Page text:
Adding to the magnificent talents of the front three is Andres Iniesta, one of the most sublime footballers in Europe. Iniesta boasts wonderful balance and delicate touch and can either dribble into the opposition’s box or thread the most accurate of passes with equally devastating effect. Considering the almost gung-ho nature of their formation, one would imagine that the full backs are instructed to sit back and defend, but in Barcelona they do things differently. Whilst Eric Abidal is more measured in his approach at left back, Daniel Alves is permitted to bombard down the right wing much like his fellow countryman Cafu once used to do. Alves in full flow is a treat to watch and has added a whole new dimension to an already extraordinary Barcelona squad. At the back the likes of Carles Puyol, Rafael Marquez and Gerard Pique offer superb solidity to balance the pure offensive brilliance running through the entire team.

The efforts of Pep Guardiola cannot be underestimated in spite of the talent that the present Barcelona squad contains. Guiding nearly the same set of players who finished eighteen points off the leaders last season to the top of the league by an enormous ten points after twenty three games is an astonishing achievement from Guardiola. Guardiola has instilled some of the missing passion and hunger in his players and has got them playing in true Barça fashion. But for all their glorious football this season they still have a long way to go before they can match the achievements of Cruyff's dream team.

Monday, February 9, 2009

Resurgence of Beckham and the Windies

David Beckham is doing the sensible thing by trying to broker a deal to AC Milan where at the cost of his status in Hollywood, his status in football is sure to surge. For all his off the field superstar image, Beckham has always been an excellent footballer. Beckham has never quite had the trickery to be a winger in the traditional sense, but his sublime right foot has meant that he has often been deployed in a role on the right wing from where his lethal crosses can cause maximum damage. With age though, Beckham has matured tactically resulting in Carlo Ancelotti deploying him on the right side of a central midfield three, a position from where Beckham can greatly influence games. It is amazing how some footballers are with age able to adapt and play in different positions so as to further their careers . Whilst a permanent move to Milan and a shift to the middle of midfield are likely to augment Beckham’s status as a footballer, Fabio Capello is unlikely to deploy Beckham in a similar role with the English national team who are blessed with a surfeit of talented central midfielders. Having said that though a move to Milan is sure to enhance Beckham’s chances of furthering his England career, even if he is restricted merely to a bit part role.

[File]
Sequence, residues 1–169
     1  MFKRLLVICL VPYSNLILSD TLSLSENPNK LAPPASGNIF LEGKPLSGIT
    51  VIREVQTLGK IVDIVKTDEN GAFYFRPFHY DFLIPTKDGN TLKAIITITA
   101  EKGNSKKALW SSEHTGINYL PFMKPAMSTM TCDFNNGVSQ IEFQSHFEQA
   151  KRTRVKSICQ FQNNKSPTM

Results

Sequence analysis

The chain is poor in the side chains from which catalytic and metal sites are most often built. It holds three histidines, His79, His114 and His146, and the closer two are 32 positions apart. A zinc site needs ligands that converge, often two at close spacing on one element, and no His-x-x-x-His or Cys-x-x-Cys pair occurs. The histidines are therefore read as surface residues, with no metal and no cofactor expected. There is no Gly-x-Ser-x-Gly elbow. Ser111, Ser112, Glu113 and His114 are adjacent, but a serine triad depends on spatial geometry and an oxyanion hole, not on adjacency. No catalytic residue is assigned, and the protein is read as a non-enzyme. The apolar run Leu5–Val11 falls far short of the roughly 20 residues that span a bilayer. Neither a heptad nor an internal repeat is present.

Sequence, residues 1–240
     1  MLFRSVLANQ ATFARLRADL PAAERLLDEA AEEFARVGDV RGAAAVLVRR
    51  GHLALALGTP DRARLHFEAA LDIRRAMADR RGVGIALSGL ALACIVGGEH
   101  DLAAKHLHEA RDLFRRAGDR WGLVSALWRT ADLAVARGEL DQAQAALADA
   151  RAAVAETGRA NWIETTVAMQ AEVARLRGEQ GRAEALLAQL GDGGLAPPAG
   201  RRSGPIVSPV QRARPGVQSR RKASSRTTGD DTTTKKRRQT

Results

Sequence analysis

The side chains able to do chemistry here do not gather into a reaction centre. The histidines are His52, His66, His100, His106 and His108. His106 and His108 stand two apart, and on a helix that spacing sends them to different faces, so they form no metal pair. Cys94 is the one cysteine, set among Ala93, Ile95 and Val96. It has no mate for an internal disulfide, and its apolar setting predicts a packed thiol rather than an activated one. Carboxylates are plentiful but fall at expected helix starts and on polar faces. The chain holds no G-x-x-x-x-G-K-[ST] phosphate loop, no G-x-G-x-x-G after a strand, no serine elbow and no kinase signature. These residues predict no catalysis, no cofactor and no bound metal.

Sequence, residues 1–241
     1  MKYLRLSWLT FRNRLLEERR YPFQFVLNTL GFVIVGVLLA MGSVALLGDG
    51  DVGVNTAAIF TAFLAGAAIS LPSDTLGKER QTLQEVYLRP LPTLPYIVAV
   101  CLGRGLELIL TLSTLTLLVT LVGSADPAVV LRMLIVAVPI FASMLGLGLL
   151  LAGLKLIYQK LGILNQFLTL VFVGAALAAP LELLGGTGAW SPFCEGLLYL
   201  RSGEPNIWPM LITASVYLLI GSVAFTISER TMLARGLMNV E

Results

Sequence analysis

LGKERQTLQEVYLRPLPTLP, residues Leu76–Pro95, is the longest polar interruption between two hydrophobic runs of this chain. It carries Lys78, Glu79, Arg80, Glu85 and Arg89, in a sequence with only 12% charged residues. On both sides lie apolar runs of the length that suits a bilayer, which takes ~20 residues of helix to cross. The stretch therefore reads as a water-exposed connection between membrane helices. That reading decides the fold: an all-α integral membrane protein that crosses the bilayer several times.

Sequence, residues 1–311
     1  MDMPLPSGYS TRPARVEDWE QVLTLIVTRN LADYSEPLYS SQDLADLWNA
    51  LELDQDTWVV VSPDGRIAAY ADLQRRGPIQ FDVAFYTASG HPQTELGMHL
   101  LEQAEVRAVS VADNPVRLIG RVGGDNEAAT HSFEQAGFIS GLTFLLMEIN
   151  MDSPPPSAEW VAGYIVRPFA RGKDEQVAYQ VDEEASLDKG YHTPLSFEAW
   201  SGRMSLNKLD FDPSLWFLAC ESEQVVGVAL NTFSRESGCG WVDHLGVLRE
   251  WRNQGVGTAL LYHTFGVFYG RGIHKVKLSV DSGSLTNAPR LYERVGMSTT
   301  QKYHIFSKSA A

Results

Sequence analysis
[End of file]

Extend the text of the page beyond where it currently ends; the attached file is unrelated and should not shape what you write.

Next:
I was engulfed by a strange sense of satisfaction at West Indies’ superb victory against England at Sabina Park in Kingston, Jamaica. International cricket needs the exuberance and vibrancy of West Indian cricket and one would hope that this victory reignites interest in the game of cricket in the Caribbean. Jerome Taylor’s splendid spell of fast bowling in the second innings was a throwback to the glory days when the fiery West Indian fast bowling attacks terrorised batting line-ups around the world. Taylor’s dismissal of Pietersen in the second innings with a breathtaking yorker fired at tremendous pace was the highlight of a truly astounding spell from the Jamaican.

The atmosphere around Sabina Park as the Islanders romped to victory in sensational fashion was I am sure extremely gratifying to most cricket fans around the world. It would be stupid to suggest that this victory marks the return of West Indian cricket to its heady days of glory and magnificence, but it certainly is a reminder to the world of what the Windies are capable of, when at their best.

England of course played their part by capitulating in characteristically humiliating fashion. Only a few months back, English fans were filled with expectations of what they felt could be a highly successful period under the captaincy of Kevin Pietersen. With Australia facing an unusual period of decline, the Ashes could not come sooner for the English. But since then dirty politics and internal upheavals have meant that England are back to a state of familiar disarray with Pietersen being stripped of his captaincy. England were woeful in the first test with their batting line-up unable to respond to the inspired brilliance of the Windies’ bowling attack. Ian Bell continued to let down the selectors who have shown an inexplicable faith in his batting abilities. Owais Shah who deserved to be given a chance a lot earlier must surely be brought in to replace Bell in the eleven for the second test. With Alastair Cook’s batting abject at times over the last year or so and with Monty Panesar’s highly ineffectual bowling, England need to take a careful look at their team set-up if they are to recover from this shocking start to the series.